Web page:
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London Bike Show moves to February, adds triathlon show

ExCel centre show moved away from Boat show dates

Next year’s London Bike Show moves a bit closer to summer with new dates of February 13-16 at the Excel Centre, but away from the Boat Show which remains in January.

Organiser say the new dates coincide with half term and lots of the usual attractions will be back, even if you won’t be able to pop across the concourse and order a new superyacht to ferry your fleet of Pinarellos round the world.

The popular bike test track will be back with bikes from a range of manufacturers still to be finalised.

The training hub will be staffed by a team of experts offering two-hour analysis sessions covering spin stroke, inspiratory muscle training assessment, fitness testing, nutritional advice, and core conditioning, all leading to a personalised training plan.

The Cycling Performance Theatre will give visitors the chance to hear from a range of speakers, including current and former pro cyclists, coaches and nutrition experts. The practical side of cycling will also be covered, with talks on bike maintenance and tuning.

The Animal WD-40 Action Sports Tour display team will be back showcasing their skill, control and balance with spectacular aerial action.

The bike show will run alongside a new triathlon show, which should offer lots of interest for time-trial riders and cyclists thinking about branching out.

For riders whose interests run more to boots, tents and exotic locales, your entry ticket for the Bike Show will get you into the Telegraph Outdoor Adventure & Travel Show as well as the triathlon show.

Tickets and opening times

Advance tickets are £16 for adults, £13 concessions and under-16s get in free. On the door prices are £20 and £15.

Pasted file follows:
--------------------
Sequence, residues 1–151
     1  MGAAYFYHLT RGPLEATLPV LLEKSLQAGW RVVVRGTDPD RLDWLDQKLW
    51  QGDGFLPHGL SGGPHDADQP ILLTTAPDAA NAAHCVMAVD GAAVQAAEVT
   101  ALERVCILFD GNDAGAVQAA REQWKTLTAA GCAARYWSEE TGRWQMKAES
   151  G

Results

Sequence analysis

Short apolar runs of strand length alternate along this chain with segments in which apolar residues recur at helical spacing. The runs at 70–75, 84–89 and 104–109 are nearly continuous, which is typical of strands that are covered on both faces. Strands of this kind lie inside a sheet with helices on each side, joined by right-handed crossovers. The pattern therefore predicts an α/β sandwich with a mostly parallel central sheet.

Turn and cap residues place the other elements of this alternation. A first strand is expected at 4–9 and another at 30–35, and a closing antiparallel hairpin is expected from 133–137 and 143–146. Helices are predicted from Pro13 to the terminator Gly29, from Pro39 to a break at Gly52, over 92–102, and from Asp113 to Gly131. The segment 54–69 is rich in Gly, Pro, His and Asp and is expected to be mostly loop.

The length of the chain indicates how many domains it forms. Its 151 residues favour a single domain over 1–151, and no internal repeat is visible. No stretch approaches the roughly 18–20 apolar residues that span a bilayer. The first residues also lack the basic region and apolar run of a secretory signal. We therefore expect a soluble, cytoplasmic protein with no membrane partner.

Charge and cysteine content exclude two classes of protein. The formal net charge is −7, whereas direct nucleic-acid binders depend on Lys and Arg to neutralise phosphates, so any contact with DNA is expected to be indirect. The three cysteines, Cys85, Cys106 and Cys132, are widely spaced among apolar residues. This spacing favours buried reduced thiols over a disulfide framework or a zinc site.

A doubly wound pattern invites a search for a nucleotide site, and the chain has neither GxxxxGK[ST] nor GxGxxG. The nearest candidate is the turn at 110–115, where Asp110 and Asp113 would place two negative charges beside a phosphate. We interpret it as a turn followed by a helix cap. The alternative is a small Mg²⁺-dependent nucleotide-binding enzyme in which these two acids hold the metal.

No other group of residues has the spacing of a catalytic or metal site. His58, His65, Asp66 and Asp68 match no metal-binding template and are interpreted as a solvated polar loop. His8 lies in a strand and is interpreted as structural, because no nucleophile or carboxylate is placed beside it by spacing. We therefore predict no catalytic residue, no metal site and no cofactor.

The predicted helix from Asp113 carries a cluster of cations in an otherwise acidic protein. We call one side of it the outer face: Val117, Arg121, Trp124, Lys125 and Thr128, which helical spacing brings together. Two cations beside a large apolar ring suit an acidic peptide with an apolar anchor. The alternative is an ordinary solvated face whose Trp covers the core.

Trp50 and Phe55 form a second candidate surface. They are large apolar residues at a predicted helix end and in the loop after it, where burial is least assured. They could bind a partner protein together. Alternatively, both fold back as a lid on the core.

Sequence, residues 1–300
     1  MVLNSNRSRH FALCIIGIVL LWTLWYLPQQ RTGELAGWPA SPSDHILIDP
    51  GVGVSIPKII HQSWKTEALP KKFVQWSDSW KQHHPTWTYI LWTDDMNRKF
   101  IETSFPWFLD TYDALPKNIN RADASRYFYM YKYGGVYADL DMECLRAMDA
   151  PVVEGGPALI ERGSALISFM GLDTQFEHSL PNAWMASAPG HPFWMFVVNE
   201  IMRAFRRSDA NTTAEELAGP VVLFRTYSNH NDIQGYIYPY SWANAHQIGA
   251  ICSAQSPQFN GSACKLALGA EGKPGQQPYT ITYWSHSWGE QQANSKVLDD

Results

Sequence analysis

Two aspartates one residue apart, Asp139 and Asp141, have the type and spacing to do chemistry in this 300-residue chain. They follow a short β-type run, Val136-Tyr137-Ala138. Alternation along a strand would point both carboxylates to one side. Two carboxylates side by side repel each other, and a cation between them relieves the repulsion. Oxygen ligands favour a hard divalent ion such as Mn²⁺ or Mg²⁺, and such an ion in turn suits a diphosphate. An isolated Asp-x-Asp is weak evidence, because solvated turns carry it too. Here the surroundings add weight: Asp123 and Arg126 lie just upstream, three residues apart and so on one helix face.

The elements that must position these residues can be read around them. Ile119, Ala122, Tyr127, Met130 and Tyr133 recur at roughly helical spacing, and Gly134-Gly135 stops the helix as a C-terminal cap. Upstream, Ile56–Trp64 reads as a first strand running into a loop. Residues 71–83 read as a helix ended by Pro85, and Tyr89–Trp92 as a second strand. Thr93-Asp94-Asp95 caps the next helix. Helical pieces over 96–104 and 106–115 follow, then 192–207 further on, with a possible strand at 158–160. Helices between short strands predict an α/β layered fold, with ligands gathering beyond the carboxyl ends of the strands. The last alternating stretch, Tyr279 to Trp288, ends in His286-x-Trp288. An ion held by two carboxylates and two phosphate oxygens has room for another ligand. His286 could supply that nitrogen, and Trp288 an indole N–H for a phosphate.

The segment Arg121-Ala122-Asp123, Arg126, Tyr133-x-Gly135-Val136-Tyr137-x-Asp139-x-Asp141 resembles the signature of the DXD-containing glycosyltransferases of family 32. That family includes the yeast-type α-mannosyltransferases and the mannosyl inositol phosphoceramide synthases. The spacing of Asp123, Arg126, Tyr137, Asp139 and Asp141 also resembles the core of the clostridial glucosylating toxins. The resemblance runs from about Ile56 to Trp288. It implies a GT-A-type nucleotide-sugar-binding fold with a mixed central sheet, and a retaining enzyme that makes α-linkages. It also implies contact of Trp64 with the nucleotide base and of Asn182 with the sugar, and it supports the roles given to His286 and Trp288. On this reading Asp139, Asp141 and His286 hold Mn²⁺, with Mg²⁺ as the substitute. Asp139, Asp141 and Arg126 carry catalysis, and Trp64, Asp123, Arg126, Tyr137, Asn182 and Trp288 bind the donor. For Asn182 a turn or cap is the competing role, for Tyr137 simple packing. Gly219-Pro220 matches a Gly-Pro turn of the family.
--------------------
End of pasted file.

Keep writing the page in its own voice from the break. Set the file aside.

Opening hours are:

Thursday 13 February: 1pm – 8pm
Friday 14 February: 10am – 5pm
Saturday 15 February: 9am – 6pm
Sunday 16 February: 9am – 5pm

For more information see the London Bike Show website.

John has been writing about bikes and cycling for over 30 years since discovering that people were mug enough to pay him for it rather than expecting him to do an honest day's work.

He was heavily involved in the mountain bike boom of the late 1980s as a racer, team manager and race promoter, and that led to writing for Mountain Biking UK magazine shortly after its inception. He got the gig by phoning up the editor and telling him the magazine was rubbish and he could do better. Rather than telling him to get lost, MBUK editor Tym Manley called John’s bluff and the rest is history.

Since then he has worked on MTB Pro magazine and was editor of Maximum Mountain Bike and Australian Mountain Bike magazines, before switching to the web in 2000 to work for Along with founder Tony Farrelly, John was on the launch team for and subsequently became editor in chief of Future Publishing’s group of cycling magazines and websites, including Cycling Plus, MBUK, What Mountain Bike and Procycling.

John has also written for Cyclist magazine, edited the BikeMagic website and was founding editor of before handing over to someone far more representative of the site's main audience.

He joined in 2013. He lives in Cambridge where the lack of hills is more than made up for by the headwinds.

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